The Galapagos Islands, located off the coast of Ecuador and home to unique and diverse species, were an inspiration to Darwin.
Now, they act as inspiration to those in need of jobs. Migrants come to work in the tourism industry, which is booming thanks to wealthy travelers, according to the Los Angeles Times.
And who can blame them? The Times says typical wages run 70% higher than on Ecuador's mainland, the public schools are good, and violent crime is nonexistent.
But, the government is now cracking down on illegal workers.
The population of the Galapagos has doubled in the past ten years to reach about 30,000, and the number of visitors has increased tenfold since 1980. The article says: "These tourists, in contrast to the shoestring-budget backpackers of two decades ago, are increasingly affluent."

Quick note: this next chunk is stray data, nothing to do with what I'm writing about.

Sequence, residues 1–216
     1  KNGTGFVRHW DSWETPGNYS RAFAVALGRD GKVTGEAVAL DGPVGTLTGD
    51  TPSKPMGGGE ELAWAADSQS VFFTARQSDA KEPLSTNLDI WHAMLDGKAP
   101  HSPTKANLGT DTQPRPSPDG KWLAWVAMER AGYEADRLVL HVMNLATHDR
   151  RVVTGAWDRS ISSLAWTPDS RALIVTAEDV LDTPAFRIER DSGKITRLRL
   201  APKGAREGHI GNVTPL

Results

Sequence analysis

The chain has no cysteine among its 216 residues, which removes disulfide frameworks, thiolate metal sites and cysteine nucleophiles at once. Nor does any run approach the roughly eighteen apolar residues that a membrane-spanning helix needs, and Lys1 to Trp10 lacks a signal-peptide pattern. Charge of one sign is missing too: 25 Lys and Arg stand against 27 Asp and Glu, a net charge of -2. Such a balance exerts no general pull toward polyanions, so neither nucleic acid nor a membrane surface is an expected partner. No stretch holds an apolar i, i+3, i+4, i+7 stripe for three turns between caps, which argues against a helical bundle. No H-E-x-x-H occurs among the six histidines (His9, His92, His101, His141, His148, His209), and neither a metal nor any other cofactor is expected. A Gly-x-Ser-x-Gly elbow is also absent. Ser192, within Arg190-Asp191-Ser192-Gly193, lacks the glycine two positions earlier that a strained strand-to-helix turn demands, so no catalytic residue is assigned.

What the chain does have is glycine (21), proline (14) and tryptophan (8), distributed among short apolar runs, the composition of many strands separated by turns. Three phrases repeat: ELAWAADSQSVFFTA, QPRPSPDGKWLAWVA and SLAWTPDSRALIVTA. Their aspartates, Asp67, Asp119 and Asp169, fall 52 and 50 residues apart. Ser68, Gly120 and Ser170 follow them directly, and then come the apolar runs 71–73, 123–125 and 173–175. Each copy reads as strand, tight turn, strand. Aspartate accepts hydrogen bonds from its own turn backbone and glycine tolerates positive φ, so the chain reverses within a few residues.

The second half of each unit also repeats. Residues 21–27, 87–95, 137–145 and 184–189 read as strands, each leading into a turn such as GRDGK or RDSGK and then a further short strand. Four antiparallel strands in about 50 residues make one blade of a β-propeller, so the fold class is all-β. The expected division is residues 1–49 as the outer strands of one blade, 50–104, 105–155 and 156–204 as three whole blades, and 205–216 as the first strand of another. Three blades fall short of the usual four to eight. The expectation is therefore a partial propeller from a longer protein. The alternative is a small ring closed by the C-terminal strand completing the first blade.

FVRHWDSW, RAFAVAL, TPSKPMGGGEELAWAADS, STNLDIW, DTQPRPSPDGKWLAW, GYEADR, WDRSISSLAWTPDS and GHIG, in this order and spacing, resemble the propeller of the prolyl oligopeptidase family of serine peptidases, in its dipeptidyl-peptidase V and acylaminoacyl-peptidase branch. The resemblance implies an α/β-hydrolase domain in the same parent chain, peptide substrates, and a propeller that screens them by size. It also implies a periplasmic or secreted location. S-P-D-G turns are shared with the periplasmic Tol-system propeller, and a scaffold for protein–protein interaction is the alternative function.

This is taking its toll on the Islands.
As a result of the population and tourism increase, foreign species such as rats, goats, cats and mosquitoes have been introduced to the islands. This plus sewage and oil discharged from boats threaten the islands' native plants and animals.
UNESCO placed the islands on its "in danger" list last year, but the president of Ecuador, Rafael Correa has not elected to cap the number of visitors.
A new strategy is being looked at, according to the Times. Visitation fees may be increased, with the number of visitations freezed. This issue is a tricky one--Galapagos tourism generates about $200 million a year in revenue.
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